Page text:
Steve Hamilton is a Tampa native and a graduate of the University of South Florida and the University of Missouri. He now lives in northern Kentucky. A career CPA, Steve has extensive experience involving all aspects of tax practice, including sophisticated income tax planning and handling of tax controversy matters for closely-held businesses and high-income individuals.
Thursday, September 24, 2015
Do You Earn Too Much For An IRA?
received several questions about IRAs recently.They can roughly be divided into two categories:
(1)Do I qualify?
(2)I converted to a Roth and it is worth
less than what I paid tax on.
whether there is some way to blog about this without our eyes glazing over.
IRAs are a thicket of seemingly arbitrary rules.
it a try by discussing a couple of situations (names and numbers changed, at
least a smidge) that came across my desk this year.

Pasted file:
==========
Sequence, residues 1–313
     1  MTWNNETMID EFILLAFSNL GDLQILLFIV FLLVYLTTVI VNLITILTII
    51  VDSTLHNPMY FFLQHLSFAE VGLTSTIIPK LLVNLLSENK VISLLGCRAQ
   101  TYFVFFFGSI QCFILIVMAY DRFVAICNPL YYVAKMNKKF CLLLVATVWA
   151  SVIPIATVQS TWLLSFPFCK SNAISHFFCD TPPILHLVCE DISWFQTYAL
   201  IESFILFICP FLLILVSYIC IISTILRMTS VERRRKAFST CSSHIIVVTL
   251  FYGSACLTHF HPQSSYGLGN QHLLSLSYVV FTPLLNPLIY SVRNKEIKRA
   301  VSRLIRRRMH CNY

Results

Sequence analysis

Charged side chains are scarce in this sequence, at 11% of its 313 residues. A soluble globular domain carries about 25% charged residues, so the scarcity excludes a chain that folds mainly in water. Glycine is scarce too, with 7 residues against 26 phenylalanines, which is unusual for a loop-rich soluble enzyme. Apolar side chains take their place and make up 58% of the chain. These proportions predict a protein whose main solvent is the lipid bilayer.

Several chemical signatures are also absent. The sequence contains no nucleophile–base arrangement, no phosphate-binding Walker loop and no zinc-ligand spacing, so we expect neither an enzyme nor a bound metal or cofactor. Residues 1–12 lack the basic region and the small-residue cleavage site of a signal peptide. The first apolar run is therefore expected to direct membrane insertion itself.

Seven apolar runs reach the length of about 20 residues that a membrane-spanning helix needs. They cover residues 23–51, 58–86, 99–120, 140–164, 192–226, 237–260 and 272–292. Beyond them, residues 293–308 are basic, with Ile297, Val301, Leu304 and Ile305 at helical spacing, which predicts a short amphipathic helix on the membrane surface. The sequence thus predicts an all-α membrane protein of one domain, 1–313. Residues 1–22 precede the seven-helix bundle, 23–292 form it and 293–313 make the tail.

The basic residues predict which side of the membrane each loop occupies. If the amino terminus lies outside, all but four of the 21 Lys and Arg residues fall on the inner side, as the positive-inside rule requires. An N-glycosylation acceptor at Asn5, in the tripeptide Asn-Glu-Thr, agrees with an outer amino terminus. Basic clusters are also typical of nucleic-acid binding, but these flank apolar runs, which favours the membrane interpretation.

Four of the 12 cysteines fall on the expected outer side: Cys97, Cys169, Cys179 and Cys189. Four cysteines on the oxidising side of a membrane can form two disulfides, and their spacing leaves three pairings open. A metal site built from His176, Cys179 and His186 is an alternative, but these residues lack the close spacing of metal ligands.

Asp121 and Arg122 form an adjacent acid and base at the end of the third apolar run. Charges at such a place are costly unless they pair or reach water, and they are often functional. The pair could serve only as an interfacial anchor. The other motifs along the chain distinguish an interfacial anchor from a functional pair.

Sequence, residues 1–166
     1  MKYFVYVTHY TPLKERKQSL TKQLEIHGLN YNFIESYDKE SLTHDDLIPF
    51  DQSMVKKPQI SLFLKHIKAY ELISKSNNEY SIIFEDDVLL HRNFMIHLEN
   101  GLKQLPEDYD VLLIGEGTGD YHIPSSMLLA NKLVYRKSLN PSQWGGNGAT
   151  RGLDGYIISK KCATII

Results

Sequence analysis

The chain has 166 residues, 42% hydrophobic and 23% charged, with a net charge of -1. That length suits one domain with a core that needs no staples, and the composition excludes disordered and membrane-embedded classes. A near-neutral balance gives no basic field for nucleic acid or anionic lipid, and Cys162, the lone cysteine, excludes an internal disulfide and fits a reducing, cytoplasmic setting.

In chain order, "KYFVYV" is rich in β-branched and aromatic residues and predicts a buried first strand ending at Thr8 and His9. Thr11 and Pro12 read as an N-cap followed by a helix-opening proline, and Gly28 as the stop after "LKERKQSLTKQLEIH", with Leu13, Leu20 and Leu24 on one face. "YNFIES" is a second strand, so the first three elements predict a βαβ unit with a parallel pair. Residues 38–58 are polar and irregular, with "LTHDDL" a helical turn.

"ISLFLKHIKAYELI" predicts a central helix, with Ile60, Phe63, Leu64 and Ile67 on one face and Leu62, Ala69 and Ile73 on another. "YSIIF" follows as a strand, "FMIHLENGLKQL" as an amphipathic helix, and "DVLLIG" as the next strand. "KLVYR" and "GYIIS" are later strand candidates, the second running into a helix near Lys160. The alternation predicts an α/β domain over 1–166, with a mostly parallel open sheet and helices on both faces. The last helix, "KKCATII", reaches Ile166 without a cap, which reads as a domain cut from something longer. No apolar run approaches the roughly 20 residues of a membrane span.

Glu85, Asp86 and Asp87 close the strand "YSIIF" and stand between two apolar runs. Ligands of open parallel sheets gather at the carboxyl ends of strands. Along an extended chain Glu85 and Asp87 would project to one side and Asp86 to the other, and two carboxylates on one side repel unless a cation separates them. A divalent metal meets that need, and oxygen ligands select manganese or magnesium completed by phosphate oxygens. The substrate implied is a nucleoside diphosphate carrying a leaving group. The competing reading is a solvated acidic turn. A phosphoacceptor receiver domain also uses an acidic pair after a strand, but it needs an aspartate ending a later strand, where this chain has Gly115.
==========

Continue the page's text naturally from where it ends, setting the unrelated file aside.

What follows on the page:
Matt is single and makes around $200,000 annually. He is over
age 50 and maxes-out his 401(k). He heard that he can put away an additional
$1,000 in an IRA for being over age 50. He puts $6,500 into a Roth, and then he
calls his tax advisor to be sure he was OK.
He is not.
His 401(k) is fine. There generally are no problems with a
401(k), unless you are one of the highly-compensated and the plan administrator
sends money back to you because the plan went “top heavy.”
It is the IRA that is causing headaches.
He has a plan at work (the 401(k)) AND he made an IRA contribution.
The tax rules can get wonky with this combination.
You see, having a plan at work can impact his ability to make
an IRA contribution. If there is enough impact, He cannot make either a
traditional (which means “deductible”) or Roth IRA contribution.
Is it fair? It’s
debatable, but those are the rules.
What is too much?
(1)A single person cannot make a traditional
IRA contribution if his/her income exceeds $71,000.
CONCLUSION: He makes $200,000. He does not qualify for a
traditional (that is, deductible) IRA.
(2)A single person cannot make a Roth
contribution if his/her income is over $131,000.
CONCLUSION: He makes too much money to make a Roth
notice the two different income limits for a regular and Roth IRA? It is an